How the LIF reforms impact practice profitability
Dover has completed a comprehensive study of the effect of the 2018 LIF commission cuts on a typical start up risk insurance practice.
The study shows that a hypothetical new practice opening its doors on 1 July 2018 faces a drop in the real value of its commission income by as much as 40% in the first year, compared to earlier times. The new practice will recover somewhat in subsequent years as the increased trailer commissions are paid, but not completely, leaving the typical new risk insurance practice about 20% worse off after seven to eight years.
This dramatic drop in the real value of commission income is caused by:
- doubling the claw back period to two years
- chronically high and growing lapse rates and
- the time value of money.
The drop in the real value of gross commission income affects all practices not just 2018 start-ups. The effect of the LIF commission cuts is best observed and measured by creating a hypothetical new practice without trailer commissions. But the effect is the same on all practices not just start ups. The real value of their commission income will fall by up to 40% in the first year dropping to about 20% over seven to eight years. Dover chose seven to eight years because this is the life of an average risk insurance policy. Most commission streams stop by the end of the eighth year due to the policy lapsing.
Dover’s analysis assumes:
- pre-reform commission rates of 120% for the first year and 10% for subsequent years
- post reform commission rates of 60% for the first year and 20% for subsequent years
- a discount rate of 6% per annum
- a lapse rate of 12% per annum after two year claw back period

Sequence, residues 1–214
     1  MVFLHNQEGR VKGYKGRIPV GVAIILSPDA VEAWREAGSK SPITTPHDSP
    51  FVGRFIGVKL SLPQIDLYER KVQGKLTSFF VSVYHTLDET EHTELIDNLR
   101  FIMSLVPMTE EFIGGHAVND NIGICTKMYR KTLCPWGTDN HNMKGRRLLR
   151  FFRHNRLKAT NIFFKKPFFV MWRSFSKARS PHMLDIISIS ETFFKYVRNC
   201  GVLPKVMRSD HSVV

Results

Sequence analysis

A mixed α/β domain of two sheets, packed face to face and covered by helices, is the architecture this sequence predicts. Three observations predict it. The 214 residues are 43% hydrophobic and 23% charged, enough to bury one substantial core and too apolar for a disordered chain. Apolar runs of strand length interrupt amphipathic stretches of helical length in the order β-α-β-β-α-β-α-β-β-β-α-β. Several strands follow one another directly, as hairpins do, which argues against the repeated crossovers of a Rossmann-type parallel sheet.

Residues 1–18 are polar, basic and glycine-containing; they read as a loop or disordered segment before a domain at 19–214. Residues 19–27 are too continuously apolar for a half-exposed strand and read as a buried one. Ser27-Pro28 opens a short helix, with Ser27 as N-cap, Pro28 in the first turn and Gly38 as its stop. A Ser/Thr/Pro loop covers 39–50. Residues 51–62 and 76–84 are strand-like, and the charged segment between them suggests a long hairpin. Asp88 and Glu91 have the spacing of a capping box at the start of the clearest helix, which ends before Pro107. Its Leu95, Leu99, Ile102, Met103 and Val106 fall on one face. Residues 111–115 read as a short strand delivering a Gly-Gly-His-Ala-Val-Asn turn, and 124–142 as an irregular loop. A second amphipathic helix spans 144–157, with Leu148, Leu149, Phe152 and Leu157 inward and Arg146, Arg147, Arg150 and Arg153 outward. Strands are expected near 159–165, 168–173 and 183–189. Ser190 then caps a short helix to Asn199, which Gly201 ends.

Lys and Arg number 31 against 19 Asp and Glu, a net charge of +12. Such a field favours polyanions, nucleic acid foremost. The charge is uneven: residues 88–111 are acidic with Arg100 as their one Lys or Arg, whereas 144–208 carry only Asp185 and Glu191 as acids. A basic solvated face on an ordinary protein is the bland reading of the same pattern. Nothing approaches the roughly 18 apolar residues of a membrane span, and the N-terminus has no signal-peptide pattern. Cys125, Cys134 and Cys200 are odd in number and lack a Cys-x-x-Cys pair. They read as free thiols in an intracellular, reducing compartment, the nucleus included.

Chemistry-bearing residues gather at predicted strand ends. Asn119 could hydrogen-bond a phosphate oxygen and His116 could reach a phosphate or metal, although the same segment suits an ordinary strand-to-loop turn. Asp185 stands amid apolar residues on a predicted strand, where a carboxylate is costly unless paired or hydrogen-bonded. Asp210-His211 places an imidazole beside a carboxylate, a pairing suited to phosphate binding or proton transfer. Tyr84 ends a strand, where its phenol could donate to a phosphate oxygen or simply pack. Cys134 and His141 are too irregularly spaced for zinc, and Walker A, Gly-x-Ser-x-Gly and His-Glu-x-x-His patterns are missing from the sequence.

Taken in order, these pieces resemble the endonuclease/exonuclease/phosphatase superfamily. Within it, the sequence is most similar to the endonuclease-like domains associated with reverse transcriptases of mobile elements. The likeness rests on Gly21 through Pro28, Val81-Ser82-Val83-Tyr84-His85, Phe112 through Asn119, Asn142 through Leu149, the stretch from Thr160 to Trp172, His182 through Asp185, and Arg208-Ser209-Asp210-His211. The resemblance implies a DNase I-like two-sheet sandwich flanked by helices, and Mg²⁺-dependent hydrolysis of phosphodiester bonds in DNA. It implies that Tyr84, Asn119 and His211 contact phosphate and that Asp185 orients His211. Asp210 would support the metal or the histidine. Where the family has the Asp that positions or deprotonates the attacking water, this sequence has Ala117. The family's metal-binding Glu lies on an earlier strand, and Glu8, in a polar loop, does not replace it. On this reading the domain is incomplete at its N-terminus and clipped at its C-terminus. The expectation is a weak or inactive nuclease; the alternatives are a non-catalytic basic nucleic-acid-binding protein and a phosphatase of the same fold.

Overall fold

- a lapse rate of 14% in the two year post reform claw back period
- a lapse rate of 4% in the one year pre-reform claw back period.
This dramatic drop in the real value of gross income is an existential threat for most risk insurance practices. Few will survive such a big hit to their top line. Net cash flow, profit and goodwill values will fall by more than 20% in the long term, and much more in the short term. In many cases profits will disappear completely: risk insurance practices just aren’t this profitable.
Fewer new advisers will enter the risk advice space and many will leave it. This will worsen the already chronic under-insurance position and increase social welfare costs for the government.
A drop in the present value of a practice’s future income stream of between 20% and 40% over a seven year period also means that the practice’s goodwill, i.e. its market value in a sale situation, will disappear or, at best, will be seriously reduced, unless it dramatically reinvents itself along the way.
The position will be worse if as part of its 2018 review ASIC determines these changes have not been effective and introduces level premiums. Given ASIC’s views on commissions, and the insurers’ views on commissions, this is a highly likely outcome. Another step towards the ultimate destination of a commission free insurance model, and a strictly fee for service financial planning profession.